Eastern Europe small group tour
Description of Eastern Europe small group tour
This Eastern Europe small group tour is nothing short of an odyssey of discovery, with an ambitiously comprehensive itinerary that brings you to some of region’s most iconic locations while building in plenty of free time to let you soak up the culture at each stop.
Begin in the glamorous Hungarian capital of Budapest with its grand architecture and boulevards to see how the city has undergone a renaissance since the fall of Communism, before crossing the border into Romania and pausing in charming Maramures. Here life continues much as it has done for centuries, a culture heavy with tradition and folklore where you’ll admire the beautiful wooden churches and the famous hand-carved crosses in the Merry Cemetery.
Moving on to Transylvania, you’ll learn there’s much more to this area than just legends of vampire bats as you explore gorgeous pastoral landscapes and medieval architecture on a horse-drawn cart ride, and perhaps sample the renowned nightlife of Brasov.
Spend a few days roaming the historic attractions of cosmopolitan Bucharest, such as the magnificent Palace of Parliament, before an enthralling boat tour around the remote, UNESCO-listed Danube Delta, as rich in ecological wonder as the cities on this trip are in culture.
Reaching Moldova a few days later, take a wander around the Milestii Mici wine cellar, thought to be the largest in the world and holding some 2 million bottles in 220km of underground passages – enough to make even the greatest wine connoisseurs green-eyed with jealousy.
One of the most interesting points on the trip is Tiraspol, capital of the breakaway republic of Transnistria, which holds onto its Soviet principles to this day making it feel like stepping into the past. From Tiraspol it’s a short journey over the border to Odessa on the Black Sea, where you can see the iconic Potemkin Steps sweeping down to the sea, the stunning Opera & Ballet House, and the handsome sandy beaches.
After a comfortable overnight train ride to Kiev you’ll finish the trip with a few days in the splendid Ukrainian capital, along with a haunting but enthralling tour of Chernobyl to see a place that really has been frozen in time.
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PlanetWe promote small group travelling, therefore maximum group size is 12. This has much less impact when travelling through rural areas, reducing our environmental and social affects. Additionally, travelling in a small group allows us to stay in family-run hotels and pensions throughout this trip. We also support small restaurants and cafes, serving locally sourced produce.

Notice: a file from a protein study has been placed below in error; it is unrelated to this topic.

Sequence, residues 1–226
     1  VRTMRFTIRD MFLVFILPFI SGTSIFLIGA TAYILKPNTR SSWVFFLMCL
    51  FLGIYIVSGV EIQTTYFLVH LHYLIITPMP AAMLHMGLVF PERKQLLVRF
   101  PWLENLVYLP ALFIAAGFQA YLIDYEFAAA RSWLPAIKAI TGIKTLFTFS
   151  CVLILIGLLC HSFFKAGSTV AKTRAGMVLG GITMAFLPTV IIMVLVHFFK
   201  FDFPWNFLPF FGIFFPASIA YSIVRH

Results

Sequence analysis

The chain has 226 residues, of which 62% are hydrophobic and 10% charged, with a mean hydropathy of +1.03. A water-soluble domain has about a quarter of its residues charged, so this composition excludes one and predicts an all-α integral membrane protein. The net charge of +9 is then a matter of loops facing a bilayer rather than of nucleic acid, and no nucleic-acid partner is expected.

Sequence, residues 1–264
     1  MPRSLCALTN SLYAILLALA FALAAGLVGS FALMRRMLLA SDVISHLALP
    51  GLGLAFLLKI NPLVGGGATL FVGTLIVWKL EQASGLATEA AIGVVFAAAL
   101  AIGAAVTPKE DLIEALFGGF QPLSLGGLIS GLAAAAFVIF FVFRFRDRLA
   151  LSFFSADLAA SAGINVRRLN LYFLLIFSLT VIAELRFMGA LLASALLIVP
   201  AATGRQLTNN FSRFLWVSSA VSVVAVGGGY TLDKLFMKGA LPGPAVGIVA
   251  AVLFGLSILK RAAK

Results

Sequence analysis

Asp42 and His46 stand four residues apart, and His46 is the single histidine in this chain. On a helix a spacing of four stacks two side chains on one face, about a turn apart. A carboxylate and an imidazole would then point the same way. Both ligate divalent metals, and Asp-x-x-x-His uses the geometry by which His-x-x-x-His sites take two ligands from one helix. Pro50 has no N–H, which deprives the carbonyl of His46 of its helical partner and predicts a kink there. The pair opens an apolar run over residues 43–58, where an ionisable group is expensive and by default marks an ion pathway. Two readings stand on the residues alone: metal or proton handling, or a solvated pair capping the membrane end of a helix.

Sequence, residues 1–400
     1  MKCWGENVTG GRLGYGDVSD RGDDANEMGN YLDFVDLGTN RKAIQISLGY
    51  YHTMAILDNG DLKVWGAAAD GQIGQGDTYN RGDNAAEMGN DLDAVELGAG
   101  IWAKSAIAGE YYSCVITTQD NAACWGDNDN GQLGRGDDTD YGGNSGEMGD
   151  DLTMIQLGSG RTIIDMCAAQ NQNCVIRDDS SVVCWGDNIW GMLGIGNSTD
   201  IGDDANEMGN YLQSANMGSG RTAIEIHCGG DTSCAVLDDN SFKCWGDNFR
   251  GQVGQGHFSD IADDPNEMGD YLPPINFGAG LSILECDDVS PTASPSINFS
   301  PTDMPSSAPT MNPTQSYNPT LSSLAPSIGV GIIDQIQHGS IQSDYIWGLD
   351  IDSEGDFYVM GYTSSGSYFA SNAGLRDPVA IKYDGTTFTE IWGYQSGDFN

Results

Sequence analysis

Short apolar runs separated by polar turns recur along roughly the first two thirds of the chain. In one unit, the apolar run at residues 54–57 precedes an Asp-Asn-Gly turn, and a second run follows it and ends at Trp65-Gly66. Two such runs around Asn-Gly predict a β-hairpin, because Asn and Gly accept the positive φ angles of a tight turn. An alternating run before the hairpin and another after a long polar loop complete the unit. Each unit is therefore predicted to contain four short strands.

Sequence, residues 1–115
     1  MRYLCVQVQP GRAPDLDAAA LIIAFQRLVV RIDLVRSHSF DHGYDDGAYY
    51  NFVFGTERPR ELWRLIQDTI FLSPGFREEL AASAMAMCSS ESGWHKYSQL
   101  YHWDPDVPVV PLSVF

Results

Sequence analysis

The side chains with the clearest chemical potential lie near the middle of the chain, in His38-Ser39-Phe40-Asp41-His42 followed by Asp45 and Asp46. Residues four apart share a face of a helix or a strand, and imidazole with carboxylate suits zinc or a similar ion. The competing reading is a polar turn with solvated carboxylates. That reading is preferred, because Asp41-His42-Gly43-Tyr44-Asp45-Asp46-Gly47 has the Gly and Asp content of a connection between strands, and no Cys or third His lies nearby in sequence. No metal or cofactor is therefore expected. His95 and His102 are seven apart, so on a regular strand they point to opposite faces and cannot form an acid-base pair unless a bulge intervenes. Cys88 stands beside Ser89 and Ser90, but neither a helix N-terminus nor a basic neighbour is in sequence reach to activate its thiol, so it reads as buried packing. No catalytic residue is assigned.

All our tour leaders are passionate about responsible travel, so the message is consistent at all times in regards to environmental issues. In Eastern Europe the main issue is littering, and our leaders address this issue on the ground.
Especially in Moldova a lot of businesses are not yet environmental responsibility, however we are trying to educate them by giving them business and delivering our message to them as well. The main environmental issue in Moldova is littering. We actively educate locals by showing an example, such as picking up rubbish others have left behind.
PeopleThe local train and bus journeys on this trip are excellent examples of travelling like a local, with locals. The remaining parts of the trip are done by private transport, the operators of which are always sourced locally.
This small group tour has a maximum of 12 participants, meaning that we have a low impact on the communities we visit and are able to ensure that we do not disrupt or lead to the displacement of local people.
This tour actively encourages guests to chat with local people, visit local cafes and bars, purchase local produce, gifts and crafts and discover what life is really like in this part of Europe. In the Danube Delta we visit a local home for lunch and all ingredients are sourced from within the delta.
On the third day we visit Eger, where we include wine tasting in the traditional cellars in the Valley of the Beautiful Women. Instead of frequenting big state run wineries, we are taking our groups to small family-owned cellars (some just as big as a standard living room) where the owners will tell us everything about the local wine specialties we are trying.
In Valeni (en-route from Tulcea to Comrat) we stop at a local family’s home for lunch, and our guests are treated to a folklore music show while having lunch. The lady of the house is known as “the grandma” throughout Moldova. She is plays the drum, her husband plays the flute, and they both sing.
In Chisinau we visit the local market where our guests are encouraged to buy local produce to create a picnic lunch. Our visit supports the local economy and it allows our passengers to have local integration with the vendors.
On our day trip from Chisinau to Old Orhei we visit yet again another family in a village for lunch. Ingredients are sourced locally, and our clients have the opportunity to partake in a cooking lesson for traditional Moldovan sweets. While the group eats lunch the sweets are in the oven, when lunch is over the group gets to eat the sweets for dessert.